Sources of Fluctuations in Short-Term Yields and Recession Probabilities




We simulate future realizations of the policy gap and the slope of inflation forecasts from the 2022:Q2 initial conditions through 2023:Q4 using the ABC model. We then evaluate the recession probability predicted by our preferred probit model for each of these simulated paths. Through this analysis, we show that future inflation outcomes and the odds of a recession depend critically on both the pace of removal of monetary policy accommodation and on how restrictive the monetary policy stance will become over the medium term. In particular, we highlight two scenarios: The first one, which we refer to as the “baseline case,” reflects the ABC model forecasts or, equivalently, the average of all simulated paths. The second one, which we label the “tighter-policy scenario,” is characterized by a faster removal of monetary policy accommodation; it is identified by the average of the simulated paths in which policy becomes restrictive by the end of 2022.11

1. Baseline case: As of early June 2022, the ABC model predicts that nominal and real yields will rise over the next six quarters, the current policy gap will narrow and become mildly restrictive in mid-2023, while core inflation will fall and remain around one percentage point above its model-implied longer-run expectations through 2023 (figure 2, blue lines in panels A and B). The expected tightening of the policy gap and a downward-sloping expected inflation path combine to increase the one-year-ahead recession probability to about 35% by 2023 (figure 2, blue line panel C). Such a level is comparable to the one estimated ahead of the 1994 monetary policy tightening cycle that was followed by a soft-landing scenario.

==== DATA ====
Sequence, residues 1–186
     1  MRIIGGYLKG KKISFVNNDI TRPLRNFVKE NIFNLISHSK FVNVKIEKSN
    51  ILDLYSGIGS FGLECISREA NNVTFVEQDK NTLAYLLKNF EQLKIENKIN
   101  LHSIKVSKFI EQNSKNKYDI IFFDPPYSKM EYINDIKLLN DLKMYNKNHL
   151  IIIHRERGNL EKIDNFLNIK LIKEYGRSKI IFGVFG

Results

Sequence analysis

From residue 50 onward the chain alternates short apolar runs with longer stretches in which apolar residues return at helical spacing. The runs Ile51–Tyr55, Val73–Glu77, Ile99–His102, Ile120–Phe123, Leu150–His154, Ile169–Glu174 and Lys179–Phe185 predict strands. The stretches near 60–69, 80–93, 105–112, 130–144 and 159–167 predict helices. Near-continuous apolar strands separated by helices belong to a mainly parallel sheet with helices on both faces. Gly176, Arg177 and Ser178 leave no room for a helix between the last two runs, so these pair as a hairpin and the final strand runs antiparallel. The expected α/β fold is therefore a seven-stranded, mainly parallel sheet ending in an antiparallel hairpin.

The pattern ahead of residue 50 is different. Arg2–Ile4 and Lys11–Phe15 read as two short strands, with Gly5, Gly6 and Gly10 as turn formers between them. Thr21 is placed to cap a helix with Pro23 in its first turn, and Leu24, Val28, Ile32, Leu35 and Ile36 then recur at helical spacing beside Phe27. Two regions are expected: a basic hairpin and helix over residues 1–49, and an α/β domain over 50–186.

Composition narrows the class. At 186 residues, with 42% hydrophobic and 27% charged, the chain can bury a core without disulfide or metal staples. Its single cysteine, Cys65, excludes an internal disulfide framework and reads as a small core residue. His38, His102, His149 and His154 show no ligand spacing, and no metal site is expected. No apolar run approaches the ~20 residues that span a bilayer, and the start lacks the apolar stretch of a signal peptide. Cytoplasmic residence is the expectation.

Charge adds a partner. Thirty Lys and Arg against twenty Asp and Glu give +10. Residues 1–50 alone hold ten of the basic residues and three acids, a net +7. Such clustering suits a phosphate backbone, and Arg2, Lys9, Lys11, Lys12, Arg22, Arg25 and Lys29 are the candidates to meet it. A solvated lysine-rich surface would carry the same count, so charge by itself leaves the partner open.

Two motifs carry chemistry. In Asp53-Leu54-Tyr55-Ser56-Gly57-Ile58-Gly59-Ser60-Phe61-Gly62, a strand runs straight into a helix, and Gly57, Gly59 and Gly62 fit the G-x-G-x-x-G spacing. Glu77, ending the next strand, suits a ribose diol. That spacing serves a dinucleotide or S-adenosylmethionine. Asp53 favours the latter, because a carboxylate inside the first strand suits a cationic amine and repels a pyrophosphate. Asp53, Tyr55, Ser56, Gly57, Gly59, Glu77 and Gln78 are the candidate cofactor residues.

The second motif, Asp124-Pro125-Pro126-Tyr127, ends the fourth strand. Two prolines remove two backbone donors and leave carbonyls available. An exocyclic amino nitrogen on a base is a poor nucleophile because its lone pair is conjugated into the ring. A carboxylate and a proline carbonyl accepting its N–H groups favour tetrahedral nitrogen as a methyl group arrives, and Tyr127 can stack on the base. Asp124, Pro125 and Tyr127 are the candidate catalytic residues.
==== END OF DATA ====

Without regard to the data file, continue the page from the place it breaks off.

2. Tighter-policy scenario: In this alternative scenario, monetary policy becomes more restrictive than in the baseline case, in that the policy gap is markedly restrictive over 2023. In this case we find that core inflation declines more rapidly than under the baseline, closing the gap with its model-implied longer-run expectations almost completely by the end of 2023. By that date, in this scenario the likelihood of a recession approaches 60%, a level that, based on our historical estimates, is generally followed by a recession in our sample (figure 2, red lines).

Author(s): Andrea Ajello , Luca Benzoni , Makena Schwinn , Yannick Timmer , Francisco Vazquez-Grande

Publication Date: August 2022

Publication Site: Federal Reserve Bank of Chicago